Bessie Blount Griffin was a Virginia-born physical therapist who spent time caring for World War II veterans, helping them use their teeth and feet in place of the hands that they lost in combat. Blount invented a device that would help amputees feed themselves and give them an increased sense of self-confidence.
Blount's invention consisted of an electronic tube that delivered small bites of food to a patient at their own pace; it allowed the patient to bite down on the tube for another serving, which would be delivered via a mouthpiece attached to a machine. If you can believe it, the American Veterans Administration declined Blount's invention (despite the fact that it would, you know, make it easier for people to eat), so instead, she donated the rights to the French government. Blount took pride in the fact that her feeding machine proved "that a black woman can invent something for the benefit of humankind."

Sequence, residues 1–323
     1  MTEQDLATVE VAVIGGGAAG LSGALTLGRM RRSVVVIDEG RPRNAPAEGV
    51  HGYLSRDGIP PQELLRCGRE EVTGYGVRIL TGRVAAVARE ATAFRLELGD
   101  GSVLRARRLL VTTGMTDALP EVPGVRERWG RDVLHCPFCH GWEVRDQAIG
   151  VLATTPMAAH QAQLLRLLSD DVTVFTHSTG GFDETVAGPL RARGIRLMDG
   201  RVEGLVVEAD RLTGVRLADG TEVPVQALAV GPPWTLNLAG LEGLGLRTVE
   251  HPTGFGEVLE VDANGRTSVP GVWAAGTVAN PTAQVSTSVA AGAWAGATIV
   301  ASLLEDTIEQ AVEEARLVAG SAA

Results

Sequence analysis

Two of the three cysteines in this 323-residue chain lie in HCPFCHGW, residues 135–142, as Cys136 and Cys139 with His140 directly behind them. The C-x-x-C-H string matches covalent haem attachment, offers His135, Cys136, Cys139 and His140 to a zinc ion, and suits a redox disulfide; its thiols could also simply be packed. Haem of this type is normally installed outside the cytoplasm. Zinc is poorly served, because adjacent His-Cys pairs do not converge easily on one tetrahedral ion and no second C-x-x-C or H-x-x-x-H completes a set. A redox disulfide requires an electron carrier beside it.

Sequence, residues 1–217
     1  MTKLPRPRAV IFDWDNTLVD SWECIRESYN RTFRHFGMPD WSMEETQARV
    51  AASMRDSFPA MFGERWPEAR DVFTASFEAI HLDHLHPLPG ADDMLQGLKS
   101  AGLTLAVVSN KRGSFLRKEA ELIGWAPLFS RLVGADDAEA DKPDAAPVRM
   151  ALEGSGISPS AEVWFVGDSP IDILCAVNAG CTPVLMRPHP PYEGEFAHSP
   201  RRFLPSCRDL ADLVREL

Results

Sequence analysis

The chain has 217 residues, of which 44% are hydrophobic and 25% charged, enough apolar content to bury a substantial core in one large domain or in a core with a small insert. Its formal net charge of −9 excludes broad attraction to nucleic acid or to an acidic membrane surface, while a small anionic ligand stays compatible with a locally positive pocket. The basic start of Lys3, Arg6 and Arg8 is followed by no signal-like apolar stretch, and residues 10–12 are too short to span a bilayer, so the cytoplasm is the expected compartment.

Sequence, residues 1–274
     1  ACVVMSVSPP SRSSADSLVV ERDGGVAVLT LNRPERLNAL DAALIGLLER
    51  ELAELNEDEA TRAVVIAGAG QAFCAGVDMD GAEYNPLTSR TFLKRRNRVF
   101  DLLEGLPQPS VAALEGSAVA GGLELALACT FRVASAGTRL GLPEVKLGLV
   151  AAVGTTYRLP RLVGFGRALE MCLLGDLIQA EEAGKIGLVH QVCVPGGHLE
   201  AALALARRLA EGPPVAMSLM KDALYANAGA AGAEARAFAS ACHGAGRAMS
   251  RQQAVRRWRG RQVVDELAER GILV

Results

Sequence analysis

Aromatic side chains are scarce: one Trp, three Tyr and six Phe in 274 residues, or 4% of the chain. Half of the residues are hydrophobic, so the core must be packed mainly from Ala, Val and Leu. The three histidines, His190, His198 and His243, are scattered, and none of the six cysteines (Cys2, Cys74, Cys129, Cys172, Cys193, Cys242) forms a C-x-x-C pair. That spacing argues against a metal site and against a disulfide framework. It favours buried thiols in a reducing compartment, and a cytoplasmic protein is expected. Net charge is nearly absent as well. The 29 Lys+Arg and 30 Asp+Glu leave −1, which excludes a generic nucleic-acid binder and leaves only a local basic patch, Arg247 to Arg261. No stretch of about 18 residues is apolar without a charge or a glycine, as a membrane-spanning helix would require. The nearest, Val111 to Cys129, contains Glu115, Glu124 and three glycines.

Whether you live in a small space or just love dual-purpose furniture, you'll want to know this: the precursor to what we now know as the Murphy bed was actually invented by an entrepreneur named Sarah Goode. In July 1885, Goode became the first African-American woman to receive a US patent for her ingenious cabinet bed, which was adapted to be "folded together when not in use, so as to occupy less space, and made generally to resemble some article of furniture when so folded." When the bed was folded, it could be used as a desk — amazing, right? Goode's design paved the way not just for the Murphy bed, but also sofa beds and other convertible furniture.
The Illusion Transmitter
Valerie Thomas is a scientist who began working at NASA as a data analyst in 1964. While there, she managed a project for NASA's image processing systems and oversaw the development of "Landsat," which was the first satellite to ever send images from space. In 1977, Thomas began researching and experimenting on an "illusion transmitter," which would essentially create the appearance of a 3D image using concave mirrors and rays of light. She patented it in 1980, and NASA still uses her invention to this day.